Despite relatively low mean flow rates, the Allier is by no means a tranquil river. Indeed, the diverse climatic influences affecting its many sources generate a high degree of seasonal and year-to-year variation in its flow rates, with seriously low water levels contrasting with floods that sometimes reach catastrophic proportions.
The Allier’s hydrological regime is of rain-fed type, with water levels high in winter and low in summer.
But floods can start to occur in autumn. This is often the case with Cévennes flooding, caused by rain in the Cévennes typical of the upper catchment area, which can be particularly heavy. Oceanic floods, generally occurring in winter or spring, resulting from rainfall of oceanic origin, only affect the downstream part of the catchment area.
Mixed floods due to a combination of both can be exceptionally severe, as in 1866.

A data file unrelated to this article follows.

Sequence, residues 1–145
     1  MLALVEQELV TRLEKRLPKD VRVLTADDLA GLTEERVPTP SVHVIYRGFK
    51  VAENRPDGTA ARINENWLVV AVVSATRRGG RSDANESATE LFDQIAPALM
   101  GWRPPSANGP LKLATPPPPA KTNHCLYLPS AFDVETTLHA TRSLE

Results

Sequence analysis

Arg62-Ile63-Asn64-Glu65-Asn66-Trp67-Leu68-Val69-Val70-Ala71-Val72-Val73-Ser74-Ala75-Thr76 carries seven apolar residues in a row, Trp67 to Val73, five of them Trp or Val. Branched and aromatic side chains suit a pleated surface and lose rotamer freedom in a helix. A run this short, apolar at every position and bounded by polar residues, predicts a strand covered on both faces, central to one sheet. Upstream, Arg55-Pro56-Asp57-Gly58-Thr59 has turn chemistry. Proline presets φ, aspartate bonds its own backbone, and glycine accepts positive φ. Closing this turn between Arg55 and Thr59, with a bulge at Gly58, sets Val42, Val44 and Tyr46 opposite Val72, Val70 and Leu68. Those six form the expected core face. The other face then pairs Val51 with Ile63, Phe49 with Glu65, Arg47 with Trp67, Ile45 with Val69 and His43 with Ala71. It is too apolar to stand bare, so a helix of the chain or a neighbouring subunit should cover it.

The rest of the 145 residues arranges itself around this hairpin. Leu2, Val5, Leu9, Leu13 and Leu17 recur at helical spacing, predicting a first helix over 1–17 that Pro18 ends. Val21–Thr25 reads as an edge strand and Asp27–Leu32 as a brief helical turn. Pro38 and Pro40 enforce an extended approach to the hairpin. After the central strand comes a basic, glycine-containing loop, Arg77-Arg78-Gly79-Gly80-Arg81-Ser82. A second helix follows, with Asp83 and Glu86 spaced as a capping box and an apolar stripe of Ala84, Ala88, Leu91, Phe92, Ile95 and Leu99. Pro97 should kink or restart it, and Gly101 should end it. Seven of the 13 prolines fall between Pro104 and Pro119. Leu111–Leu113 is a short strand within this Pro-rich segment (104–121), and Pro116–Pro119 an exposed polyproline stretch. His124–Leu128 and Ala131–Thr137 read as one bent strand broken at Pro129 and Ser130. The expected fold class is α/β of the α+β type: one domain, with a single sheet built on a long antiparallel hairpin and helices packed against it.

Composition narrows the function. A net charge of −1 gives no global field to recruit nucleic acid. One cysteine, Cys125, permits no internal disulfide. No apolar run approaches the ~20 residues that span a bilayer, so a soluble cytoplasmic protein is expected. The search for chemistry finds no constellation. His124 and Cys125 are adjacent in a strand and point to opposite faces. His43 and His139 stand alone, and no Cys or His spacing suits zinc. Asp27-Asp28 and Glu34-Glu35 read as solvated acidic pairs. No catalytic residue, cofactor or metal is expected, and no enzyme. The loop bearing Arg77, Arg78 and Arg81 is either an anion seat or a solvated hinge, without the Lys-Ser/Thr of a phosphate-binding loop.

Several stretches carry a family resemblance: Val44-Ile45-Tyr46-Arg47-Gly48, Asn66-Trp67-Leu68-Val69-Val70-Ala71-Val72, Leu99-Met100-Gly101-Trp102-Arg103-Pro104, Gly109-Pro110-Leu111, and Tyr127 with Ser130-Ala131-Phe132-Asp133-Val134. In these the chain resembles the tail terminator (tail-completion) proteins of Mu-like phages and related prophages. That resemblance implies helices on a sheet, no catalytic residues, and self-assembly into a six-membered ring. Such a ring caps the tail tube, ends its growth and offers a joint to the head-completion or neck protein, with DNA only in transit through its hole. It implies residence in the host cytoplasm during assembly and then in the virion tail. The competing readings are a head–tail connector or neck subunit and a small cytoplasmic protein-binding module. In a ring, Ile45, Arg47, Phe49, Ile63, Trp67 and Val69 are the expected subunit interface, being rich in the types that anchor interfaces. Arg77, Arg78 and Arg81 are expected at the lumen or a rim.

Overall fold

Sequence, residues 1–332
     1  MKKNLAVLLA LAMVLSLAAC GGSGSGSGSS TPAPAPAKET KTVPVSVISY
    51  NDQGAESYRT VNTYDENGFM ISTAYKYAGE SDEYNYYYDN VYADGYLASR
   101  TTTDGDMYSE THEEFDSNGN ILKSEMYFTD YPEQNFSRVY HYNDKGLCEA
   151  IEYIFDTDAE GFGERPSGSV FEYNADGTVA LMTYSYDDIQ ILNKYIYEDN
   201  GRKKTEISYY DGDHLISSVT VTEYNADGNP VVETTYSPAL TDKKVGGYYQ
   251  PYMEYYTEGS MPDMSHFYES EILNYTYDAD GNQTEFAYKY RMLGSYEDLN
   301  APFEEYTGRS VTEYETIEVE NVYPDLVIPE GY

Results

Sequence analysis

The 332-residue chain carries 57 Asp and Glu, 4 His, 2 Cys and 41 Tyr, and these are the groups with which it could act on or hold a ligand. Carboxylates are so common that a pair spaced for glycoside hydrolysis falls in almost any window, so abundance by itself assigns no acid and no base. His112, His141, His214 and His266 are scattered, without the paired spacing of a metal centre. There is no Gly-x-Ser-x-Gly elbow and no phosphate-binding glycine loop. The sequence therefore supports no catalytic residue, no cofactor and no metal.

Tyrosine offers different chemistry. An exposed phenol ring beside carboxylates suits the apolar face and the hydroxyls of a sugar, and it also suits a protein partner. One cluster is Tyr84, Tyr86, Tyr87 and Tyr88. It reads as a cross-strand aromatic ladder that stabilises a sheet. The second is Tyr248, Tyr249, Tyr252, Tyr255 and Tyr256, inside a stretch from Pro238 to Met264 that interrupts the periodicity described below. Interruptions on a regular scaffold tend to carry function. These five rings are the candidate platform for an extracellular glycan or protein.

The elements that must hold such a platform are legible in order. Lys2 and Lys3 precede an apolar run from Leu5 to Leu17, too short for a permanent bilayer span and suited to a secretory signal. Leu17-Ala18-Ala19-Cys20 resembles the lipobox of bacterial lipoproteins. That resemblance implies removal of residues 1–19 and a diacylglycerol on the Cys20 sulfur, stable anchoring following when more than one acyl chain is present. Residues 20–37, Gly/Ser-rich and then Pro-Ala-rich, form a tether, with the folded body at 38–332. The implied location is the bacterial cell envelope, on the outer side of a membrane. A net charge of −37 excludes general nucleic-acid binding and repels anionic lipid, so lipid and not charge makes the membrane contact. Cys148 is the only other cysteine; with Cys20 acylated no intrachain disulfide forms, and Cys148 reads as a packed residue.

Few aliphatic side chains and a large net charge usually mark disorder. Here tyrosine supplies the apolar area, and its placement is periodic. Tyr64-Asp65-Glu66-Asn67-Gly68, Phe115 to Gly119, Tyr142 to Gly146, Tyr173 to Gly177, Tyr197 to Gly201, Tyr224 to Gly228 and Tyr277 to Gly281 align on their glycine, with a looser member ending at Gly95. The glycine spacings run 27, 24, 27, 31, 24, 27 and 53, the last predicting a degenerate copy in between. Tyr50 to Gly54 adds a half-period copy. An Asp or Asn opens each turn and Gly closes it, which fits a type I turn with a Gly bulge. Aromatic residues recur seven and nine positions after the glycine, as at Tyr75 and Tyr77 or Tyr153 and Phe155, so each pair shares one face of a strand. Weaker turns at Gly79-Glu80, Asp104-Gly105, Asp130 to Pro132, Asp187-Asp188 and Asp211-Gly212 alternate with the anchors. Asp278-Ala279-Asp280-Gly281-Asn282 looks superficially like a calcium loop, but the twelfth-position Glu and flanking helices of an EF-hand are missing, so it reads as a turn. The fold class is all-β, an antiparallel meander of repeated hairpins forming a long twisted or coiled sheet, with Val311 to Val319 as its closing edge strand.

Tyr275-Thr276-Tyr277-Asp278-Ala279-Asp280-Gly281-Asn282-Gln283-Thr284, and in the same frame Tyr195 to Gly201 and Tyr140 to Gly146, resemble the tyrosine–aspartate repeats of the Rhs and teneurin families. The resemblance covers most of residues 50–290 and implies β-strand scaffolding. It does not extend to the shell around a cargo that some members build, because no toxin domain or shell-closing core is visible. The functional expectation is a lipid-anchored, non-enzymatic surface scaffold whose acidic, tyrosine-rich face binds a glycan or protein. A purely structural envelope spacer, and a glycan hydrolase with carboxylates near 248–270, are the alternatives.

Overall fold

The Allier’s floods can exert a very strong influence on those of the middle Loire.
The last major flood, on 4 and 5 December 2003, with an estimated frequency of the order of thirty years, reached 970 m3/s at Vieille-Brioude. It was 2½ times greater at the same spot in 1866.
In contrast, before the Naussac dam was brought into service, extremely low water levels could be seen in dry periods, for example in 1949, when flow rates at Vieille-Brioude and Bec d’Allier were 0.5 m3/s and less than 6 m3/s respectively.
FLOODS THAT ARE HARMFUL IN ONE PLACE BUT NECESSARY IN ANOTHER
Human developments in areas liable to flooding are often vulnerable to natural hazards, and severe flooding then becomes a source of problems for our society. But floods have positive effects too, especially for ecosystems, as they are intensive, structure-changing dynamic processes that can rejuvenate ageing habitats, create extensive beaches and cause drastic erosion, among other consequences. So floods are necessary to maintain the rich ecology of hydrosystems. They also contribute to restoring alluvial water tables.